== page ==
As parties on Del Playa rage on, fueled by beer and the collective sex drives of hundreds of 17- to 23-year-olds, some of UCSB’s greeks lament the loss of their right to booze it up Isla Vista-style in their own homes.
According to new regulations, imposed at the start of Fall Quarter, greek houses can no longer have alcohol at any social event, defined as any gathering of more than 30 people. If greeks want a wet social event, it must be in conjunction with a licensed and insured third-party vendor outside of any greek-affiliated facilities.
It’s a bum rap for UCSB’s greek system, hit hard and fast because a few raucous fraternities and sororities got out of hand over the past few years. The new, sweeping policy prevents those greeks of age from enjoying a large, wet social gathering in their own homes – something every other UCSB student has free rein to do.
Those houses that violate the rules face social probation for a first offense. A second offense results in UCSB disowning the house. No recruitment. No university support for events. The disaffiliated house has little left to do then stick its head between its legs and kiss its ass goodbye.
UCSB created the new regulations due to a rise in the number of sexual assaults and alcohol-related violence within the greek system, as well as the inability of some houses to follow the pre-existing regulations. Previously, the greeks were largely self-regulated and restricted to a bring-your-own-beer policy requiring identification for legal drinkers, hired security and bars manned by licensed booze-slingers.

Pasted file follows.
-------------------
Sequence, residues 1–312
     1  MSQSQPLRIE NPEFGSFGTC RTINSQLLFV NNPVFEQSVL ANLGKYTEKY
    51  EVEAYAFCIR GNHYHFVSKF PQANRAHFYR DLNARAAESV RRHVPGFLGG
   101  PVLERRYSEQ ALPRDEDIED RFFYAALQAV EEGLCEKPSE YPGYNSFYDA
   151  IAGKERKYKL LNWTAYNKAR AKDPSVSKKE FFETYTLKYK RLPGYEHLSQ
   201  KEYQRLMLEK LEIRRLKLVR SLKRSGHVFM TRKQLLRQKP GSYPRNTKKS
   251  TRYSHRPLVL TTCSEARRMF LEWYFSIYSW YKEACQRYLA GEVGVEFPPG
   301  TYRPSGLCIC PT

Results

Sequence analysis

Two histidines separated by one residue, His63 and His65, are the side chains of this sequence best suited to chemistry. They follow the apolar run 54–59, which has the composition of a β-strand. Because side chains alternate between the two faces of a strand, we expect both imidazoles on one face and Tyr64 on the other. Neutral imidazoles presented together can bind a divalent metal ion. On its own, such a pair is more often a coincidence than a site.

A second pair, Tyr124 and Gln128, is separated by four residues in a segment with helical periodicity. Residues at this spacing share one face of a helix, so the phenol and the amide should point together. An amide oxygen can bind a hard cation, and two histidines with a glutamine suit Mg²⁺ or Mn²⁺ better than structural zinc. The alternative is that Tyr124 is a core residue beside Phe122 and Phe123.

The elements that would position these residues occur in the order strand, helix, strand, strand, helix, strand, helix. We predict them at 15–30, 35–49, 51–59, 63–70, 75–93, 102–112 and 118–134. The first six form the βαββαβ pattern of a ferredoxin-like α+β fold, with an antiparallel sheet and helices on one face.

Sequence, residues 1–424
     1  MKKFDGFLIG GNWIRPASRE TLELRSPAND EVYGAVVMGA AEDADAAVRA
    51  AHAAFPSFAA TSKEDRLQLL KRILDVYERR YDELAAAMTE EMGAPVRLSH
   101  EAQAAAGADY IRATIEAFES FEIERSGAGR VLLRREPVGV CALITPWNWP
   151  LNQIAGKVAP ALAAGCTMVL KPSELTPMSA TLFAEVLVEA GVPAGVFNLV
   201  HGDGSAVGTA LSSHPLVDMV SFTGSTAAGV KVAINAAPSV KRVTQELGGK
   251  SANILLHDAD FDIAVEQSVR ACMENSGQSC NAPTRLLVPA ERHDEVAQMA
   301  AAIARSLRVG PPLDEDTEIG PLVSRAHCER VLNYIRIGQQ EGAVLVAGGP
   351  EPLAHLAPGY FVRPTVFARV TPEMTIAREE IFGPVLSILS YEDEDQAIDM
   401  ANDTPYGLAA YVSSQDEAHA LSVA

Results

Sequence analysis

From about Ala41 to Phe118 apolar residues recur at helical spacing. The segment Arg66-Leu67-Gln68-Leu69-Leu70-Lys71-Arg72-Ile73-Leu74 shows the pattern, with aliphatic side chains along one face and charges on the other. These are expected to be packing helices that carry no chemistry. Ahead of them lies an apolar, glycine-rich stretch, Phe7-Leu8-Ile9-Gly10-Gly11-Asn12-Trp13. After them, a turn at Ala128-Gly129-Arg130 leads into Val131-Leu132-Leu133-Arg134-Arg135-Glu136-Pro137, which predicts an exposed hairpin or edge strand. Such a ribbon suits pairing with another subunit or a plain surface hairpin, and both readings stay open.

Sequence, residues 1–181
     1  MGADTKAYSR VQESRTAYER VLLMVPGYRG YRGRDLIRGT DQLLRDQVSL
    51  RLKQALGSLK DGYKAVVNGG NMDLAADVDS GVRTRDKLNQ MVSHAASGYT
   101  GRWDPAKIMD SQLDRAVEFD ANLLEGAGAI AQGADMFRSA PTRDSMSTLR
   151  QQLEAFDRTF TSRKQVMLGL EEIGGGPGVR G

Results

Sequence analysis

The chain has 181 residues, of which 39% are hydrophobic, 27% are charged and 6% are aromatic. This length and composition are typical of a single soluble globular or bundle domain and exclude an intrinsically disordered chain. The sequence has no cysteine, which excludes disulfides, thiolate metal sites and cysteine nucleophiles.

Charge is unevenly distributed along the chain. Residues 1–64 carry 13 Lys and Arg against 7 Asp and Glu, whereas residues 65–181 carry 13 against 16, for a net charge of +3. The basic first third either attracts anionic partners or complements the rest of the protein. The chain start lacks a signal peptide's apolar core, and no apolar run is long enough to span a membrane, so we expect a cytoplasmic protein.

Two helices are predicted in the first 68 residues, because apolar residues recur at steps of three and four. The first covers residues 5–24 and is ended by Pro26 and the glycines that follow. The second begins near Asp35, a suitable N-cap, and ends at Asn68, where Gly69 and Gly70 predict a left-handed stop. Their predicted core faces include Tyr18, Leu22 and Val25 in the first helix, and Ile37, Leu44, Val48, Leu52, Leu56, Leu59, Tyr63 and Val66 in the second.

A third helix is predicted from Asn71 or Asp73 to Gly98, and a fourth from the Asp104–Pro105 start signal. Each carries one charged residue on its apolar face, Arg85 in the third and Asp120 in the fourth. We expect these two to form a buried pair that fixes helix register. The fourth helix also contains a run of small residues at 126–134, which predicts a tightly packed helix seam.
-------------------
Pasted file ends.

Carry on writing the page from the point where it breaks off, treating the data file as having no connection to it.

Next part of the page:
The policy also punishes those houses that do a great deal of good for the local community and can handle their booze responsibly. Since greeks fall subject to the same county regulations as every other UCSB student living in Isla Vista, it’s unfair to instate further measures upon them because the university wants a slick and easy way to clean up its image.
Extra rules won’t help reduce the number of sexual assaults. While excess booze is often a catalyst for sexual assault, it isn’t responsible for it. Even though the university can control the greek system’s alcohol flow, it infringes on the rights of legal adults. Those vultures still intent on using alcohol as a means to prey upon unsuspecting victims can still do so, regardless of where they are or how many people are around.
UC Berkeley recently moved towards a more reasonable system, similar to the policy previously employed by UCSB. A BYOB system, properly enforced, seems fair for everyone. Greek houses that want to unwind responsibly after contributing to the community can still throw a raging party. Those that can’t handle the rules can go rent a room and take a few hundred friends somewhere else.
Give the greeks a break. They take a lot of flak from UCSB administration and students, much of it deserved. No one, though, should lose his or her right to party.